A pep talk for teachers in the new year
As the start of another school year rolls around, it’s hard not to reflect on my own 35 years in classrooms and on the students I taught. It’s my second year of retirement, but I have continued to volunteer in a kindergarten class, which allowed me to observe during the last few weeks as teachers got their rooms ready and prepared for the coming school year.
As I watched, I thought about all the changes I saw during my years as a teacher. Teaching was always a demanding profession, but now it seems harder than ever. So many meetings, so many mandates from the top, so little time to learn about new programs, so much emphasis on test scores and so many challenges that students bring to school. It doesn’t take long to get bogged down by the details or discouraged. In that spirit, I would like to give all teachers a little encouragement since the year is young.
Teachers, please keep in mind that in spite of all the “must-dos” you have been handed, you are still the one with the knowledge and understanding of your students and your content area. You went to college (and perhaps graduate school) to learn how to be a teacher, and you, in many cases, have the experience of many years. Most important, you hold the license to teach. Be proud of that. New programs may come and go and trends may turn the heads of the fickle. The art of teaching, however, remains constant.
Some in the profession with little or no teaching experience may try to tell you to do things that conflict with what you know and believe is right for students. This need not diminish your influence; you can still touch children’s lives in so many ways. You matter so much in ways you don’t have time to ponder under the often frenzied workload you carry. In the end, it’s not the tools, trends or programs but your commitment and determination that make it possible for your students to experience that “aha” moment — that rewarding instant known to all teachers when you helped a student “get it.”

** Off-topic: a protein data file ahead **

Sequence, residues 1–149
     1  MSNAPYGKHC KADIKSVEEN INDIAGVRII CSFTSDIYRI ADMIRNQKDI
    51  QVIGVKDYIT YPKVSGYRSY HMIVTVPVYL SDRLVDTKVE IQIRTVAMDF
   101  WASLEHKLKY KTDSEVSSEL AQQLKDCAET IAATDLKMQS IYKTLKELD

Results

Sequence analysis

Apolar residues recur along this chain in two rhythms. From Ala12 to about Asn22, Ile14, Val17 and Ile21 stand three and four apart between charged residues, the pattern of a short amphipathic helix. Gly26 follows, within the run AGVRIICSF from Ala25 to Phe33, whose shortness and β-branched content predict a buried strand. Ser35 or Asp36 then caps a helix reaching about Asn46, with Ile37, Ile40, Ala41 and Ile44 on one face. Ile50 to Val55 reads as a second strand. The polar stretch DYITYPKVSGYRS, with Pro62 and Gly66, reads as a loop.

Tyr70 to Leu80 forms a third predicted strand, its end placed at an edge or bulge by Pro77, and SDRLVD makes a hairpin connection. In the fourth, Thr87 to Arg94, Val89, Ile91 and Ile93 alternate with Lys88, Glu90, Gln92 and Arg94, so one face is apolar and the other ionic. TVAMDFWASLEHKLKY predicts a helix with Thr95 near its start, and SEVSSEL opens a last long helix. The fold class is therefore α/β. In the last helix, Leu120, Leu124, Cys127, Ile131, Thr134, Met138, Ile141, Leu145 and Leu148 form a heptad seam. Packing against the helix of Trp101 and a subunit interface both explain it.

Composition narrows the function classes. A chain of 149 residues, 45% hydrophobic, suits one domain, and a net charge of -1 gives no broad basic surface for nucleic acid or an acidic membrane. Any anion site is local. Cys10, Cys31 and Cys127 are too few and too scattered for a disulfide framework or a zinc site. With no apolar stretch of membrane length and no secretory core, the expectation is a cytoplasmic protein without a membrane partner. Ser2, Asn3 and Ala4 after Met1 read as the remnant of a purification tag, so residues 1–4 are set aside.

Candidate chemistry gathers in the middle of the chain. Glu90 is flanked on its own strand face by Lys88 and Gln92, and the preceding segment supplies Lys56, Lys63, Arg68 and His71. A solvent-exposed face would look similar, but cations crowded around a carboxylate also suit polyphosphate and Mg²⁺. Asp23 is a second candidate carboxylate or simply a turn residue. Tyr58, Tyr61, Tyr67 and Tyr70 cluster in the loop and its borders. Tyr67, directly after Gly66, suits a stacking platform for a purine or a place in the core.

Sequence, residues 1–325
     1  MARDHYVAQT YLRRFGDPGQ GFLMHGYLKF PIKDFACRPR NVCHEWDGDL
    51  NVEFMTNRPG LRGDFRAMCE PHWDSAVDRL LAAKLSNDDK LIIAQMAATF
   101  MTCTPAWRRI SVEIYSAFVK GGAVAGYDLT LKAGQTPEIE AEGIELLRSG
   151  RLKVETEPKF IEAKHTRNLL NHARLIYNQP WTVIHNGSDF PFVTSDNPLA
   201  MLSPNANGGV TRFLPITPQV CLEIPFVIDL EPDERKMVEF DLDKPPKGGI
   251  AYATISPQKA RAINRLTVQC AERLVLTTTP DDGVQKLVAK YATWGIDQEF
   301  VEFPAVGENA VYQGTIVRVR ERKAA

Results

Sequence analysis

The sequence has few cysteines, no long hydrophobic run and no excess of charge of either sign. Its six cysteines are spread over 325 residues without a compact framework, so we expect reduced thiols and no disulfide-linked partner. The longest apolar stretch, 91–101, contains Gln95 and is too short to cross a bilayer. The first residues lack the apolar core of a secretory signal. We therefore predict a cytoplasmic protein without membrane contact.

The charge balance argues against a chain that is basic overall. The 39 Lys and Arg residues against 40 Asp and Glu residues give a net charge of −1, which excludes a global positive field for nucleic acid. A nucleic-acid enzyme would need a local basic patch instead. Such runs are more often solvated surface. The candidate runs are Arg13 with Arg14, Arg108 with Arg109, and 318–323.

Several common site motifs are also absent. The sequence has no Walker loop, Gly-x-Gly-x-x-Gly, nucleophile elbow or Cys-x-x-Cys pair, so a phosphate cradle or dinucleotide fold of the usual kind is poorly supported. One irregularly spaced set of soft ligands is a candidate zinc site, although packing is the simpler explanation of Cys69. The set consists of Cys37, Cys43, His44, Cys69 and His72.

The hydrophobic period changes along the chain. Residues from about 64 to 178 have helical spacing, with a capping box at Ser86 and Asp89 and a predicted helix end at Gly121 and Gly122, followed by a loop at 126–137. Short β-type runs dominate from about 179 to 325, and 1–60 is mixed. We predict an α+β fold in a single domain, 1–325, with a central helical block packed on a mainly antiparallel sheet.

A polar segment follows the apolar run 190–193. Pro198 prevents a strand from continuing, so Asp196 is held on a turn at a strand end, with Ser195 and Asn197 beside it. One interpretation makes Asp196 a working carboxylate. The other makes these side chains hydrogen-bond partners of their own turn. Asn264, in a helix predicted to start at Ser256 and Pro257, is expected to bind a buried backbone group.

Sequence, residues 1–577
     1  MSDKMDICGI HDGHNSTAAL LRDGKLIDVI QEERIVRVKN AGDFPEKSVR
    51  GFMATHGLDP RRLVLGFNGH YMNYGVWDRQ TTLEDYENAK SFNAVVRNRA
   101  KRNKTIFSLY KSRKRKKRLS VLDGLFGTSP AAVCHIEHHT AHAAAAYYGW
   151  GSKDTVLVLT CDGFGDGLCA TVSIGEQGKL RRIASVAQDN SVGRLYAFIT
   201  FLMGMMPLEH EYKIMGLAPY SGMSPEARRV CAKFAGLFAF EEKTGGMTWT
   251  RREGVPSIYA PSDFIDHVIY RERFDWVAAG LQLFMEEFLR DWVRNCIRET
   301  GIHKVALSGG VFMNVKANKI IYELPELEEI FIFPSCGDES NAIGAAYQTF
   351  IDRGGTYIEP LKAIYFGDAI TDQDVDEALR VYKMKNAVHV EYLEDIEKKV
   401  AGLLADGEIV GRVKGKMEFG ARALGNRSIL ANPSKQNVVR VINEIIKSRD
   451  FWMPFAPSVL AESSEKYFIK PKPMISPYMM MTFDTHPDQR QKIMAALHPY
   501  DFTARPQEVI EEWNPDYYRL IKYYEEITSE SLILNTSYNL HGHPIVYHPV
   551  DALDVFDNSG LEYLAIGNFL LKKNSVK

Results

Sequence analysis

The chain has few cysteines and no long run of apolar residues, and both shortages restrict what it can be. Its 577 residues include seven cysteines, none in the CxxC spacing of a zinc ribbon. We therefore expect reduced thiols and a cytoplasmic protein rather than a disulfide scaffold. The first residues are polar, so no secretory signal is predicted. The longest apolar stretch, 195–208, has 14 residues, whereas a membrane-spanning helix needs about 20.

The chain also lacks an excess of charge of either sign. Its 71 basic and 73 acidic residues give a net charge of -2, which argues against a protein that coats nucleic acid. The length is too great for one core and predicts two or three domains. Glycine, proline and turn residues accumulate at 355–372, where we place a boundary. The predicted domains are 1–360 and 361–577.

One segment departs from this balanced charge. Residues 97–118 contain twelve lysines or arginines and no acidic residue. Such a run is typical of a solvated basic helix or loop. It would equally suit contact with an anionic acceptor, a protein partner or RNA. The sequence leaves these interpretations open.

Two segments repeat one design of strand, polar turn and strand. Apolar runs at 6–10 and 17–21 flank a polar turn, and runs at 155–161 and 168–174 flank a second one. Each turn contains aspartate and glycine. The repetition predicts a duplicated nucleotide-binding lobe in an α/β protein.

There are so many small things you can do to make a difference in your students’ lives. People may remember certain things they learned in school, but they usually will tell you they remember those things because of the teacher who taught them. More than anything, people remember how their teachers made them feel. If they recall being taught with respect, empathy, humor, kindness and patience, then that “aha” moment became one that endured. This is where mere content delivery is transformed by craft that all good teachers know instinctively. These are essential ingredients of teaching and learning that cannot be put into a package and sold. This is what teachers strive to accomplish for their students every day.
Most of us have saved a letter or two from a parent or a student. Those letters almost always tell us how we made a difference in their lives, how we encouraged them, a small kindness at a critical moment, a poem or story that we shared that touched their hearts, a note we wrote them. Sometimes this feedback is delivered spontaneously, at an unexpected meeting with a former student in a grocery store or the mall. These glimpses into the impact we have had on our students are the things within a teacher’s power that no school reform initiative can take away.
Teachers, your days are long. In our 24/7 world, some of your nights may even be longer. But with each new day, as you face your students, know your own power and follow your instincts. You have chosen an honorable profession. Best to all of you for a fruitful year from someone who has been there.